While the WR&CC's line was under construction, mining interests in Ohai united to present a petition that the government acquire the WR&CC line and extend it into Ohai. Unfortunately, the arguments in favour of this proposal were presented to a parliamentary committee in 1914 just as World War I broke out and further consideration of the proposal was postponed. However, later that year the Local Railways Act was passed and, despite objections from the Nightcaps Coal Company and others in Nightcaps, the Ohai Railway District was declared on 4 May 1916. The declaration of this District included a condition that the Ohai Railway Board had to acquire the WR&CC line before constructing any new railway. The case for acquisition went to a compensation court, and, upon paying the sum of 19,862 pounds 6 shillings and 6 pence, the Ohai Railway Board took control of the WR&CC line on 22 June 1917.

The trackage acquired from the WR&CC was built to the low standards of a bush tramway, unsatisfactory as a permanent line. It could not even be appropriately extended into Ohai, though in 1919 an extension of 1 5/8 miles was opened to serve mines in the locality of Mossbank. In 1918 a proposal to build a third line directly from Wairio to Ohai was made, and it included a small deviation through Morley Village, considered part of Nightcaps. The construction of the line was opposed by the Nightcaps Coal Company, but after two commissions were held, approval was granted and construction commenced in July 1919. The first section was opened for traffic to Tinkers on 1 September 1920, but due to difficulties with the terrain it was not completed to Ohai until December 1924 and opened to traffic in the new year. In 1934 the line reached its ultimate terminus of Birchwood, 19 kilometres from Wairio. As the railway was built to national standards, the Ohai Railway Board suggested that the government could acquire it as the start of a route northwards to Lakes Te Anau and Manapouri, but nothing came of this.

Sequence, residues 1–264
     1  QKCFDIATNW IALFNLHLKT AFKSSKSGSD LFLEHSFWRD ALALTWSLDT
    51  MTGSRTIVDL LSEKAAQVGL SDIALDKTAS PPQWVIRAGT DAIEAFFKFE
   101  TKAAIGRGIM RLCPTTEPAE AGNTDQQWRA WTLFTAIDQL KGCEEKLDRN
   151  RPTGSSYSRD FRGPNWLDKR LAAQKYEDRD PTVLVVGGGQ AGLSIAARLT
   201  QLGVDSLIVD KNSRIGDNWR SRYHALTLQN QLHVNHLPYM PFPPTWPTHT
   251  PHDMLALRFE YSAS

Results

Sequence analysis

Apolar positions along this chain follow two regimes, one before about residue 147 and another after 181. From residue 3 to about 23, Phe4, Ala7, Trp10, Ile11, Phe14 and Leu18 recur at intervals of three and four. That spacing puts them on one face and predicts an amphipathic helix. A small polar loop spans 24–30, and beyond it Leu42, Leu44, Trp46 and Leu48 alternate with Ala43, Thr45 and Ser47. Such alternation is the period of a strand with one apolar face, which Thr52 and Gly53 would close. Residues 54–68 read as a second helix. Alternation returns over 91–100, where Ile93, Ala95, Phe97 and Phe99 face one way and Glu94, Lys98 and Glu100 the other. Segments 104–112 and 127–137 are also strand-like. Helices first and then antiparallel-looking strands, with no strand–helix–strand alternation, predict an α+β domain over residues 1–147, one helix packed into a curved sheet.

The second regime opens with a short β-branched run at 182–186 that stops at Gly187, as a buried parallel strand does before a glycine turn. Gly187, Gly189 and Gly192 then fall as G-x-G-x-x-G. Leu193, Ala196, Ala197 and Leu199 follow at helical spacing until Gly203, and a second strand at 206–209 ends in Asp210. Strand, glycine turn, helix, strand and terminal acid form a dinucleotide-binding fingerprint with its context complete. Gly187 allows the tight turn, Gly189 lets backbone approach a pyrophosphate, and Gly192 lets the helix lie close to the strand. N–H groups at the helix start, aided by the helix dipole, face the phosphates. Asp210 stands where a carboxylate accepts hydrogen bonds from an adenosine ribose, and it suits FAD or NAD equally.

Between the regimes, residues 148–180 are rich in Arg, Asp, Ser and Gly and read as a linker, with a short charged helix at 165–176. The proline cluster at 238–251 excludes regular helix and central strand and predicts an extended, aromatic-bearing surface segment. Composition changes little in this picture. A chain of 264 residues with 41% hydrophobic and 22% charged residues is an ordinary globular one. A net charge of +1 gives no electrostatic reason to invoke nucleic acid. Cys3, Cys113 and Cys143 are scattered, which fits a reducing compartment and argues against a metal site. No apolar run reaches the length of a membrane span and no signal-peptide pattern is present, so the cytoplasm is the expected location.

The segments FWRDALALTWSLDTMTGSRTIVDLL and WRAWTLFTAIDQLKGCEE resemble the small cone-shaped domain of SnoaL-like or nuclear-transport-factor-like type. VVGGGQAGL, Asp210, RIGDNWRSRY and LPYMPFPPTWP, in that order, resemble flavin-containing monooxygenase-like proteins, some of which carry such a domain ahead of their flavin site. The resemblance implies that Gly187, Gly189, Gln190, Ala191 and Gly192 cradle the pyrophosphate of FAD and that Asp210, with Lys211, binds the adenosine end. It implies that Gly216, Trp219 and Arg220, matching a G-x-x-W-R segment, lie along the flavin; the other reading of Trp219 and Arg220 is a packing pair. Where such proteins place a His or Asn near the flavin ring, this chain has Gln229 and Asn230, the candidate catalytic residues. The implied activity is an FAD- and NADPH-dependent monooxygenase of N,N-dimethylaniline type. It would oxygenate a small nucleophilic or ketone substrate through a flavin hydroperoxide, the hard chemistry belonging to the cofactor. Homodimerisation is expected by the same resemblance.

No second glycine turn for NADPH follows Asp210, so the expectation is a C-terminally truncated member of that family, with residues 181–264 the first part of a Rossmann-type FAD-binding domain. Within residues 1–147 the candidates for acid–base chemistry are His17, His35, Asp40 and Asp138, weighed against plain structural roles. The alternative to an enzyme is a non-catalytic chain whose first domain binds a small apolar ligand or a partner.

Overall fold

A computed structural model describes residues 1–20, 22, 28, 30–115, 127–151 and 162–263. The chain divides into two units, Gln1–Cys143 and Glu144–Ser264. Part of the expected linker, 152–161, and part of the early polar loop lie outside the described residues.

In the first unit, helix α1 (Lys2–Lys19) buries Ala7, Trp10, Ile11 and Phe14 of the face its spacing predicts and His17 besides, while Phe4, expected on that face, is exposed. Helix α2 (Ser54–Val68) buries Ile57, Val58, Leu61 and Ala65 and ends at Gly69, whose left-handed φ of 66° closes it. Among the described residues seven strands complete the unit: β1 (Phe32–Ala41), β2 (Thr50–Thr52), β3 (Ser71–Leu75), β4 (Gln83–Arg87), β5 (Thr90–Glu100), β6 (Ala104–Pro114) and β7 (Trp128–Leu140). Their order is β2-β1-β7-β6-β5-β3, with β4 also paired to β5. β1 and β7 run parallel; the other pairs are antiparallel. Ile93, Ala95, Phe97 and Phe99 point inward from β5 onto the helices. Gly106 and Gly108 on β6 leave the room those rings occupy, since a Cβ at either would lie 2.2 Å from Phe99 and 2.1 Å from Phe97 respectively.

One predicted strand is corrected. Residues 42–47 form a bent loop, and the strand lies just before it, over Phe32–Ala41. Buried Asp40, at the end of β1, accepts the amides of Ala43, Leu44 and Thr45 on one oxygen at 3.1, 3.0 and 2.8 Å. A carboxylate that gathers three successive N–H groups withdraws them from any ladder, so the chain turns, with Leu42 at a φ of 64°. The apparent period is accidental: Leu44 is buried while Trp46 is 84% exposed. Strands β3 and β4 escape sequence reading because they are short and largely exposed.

Freight trains off the Wairio Branch were largely industrial, and passengers were carried from Wairio to Invercargill from the line's opening until well into the 20th century. Due to decay of the old WR&CC line, the Railways Department stated that it would not permit its wagons to be used on the line after 31 December 1924, and thus the timing of the opening of the line to Ohai at the start of January 1925 proved to be fortuitous as it could carry traffic from the mines that had previously utilised the WR&CC route. Later in 1925 the Nightcaps Coal Company shut down operations and its railway extension was acquired by the Railways Department, which dismantled it in 1926.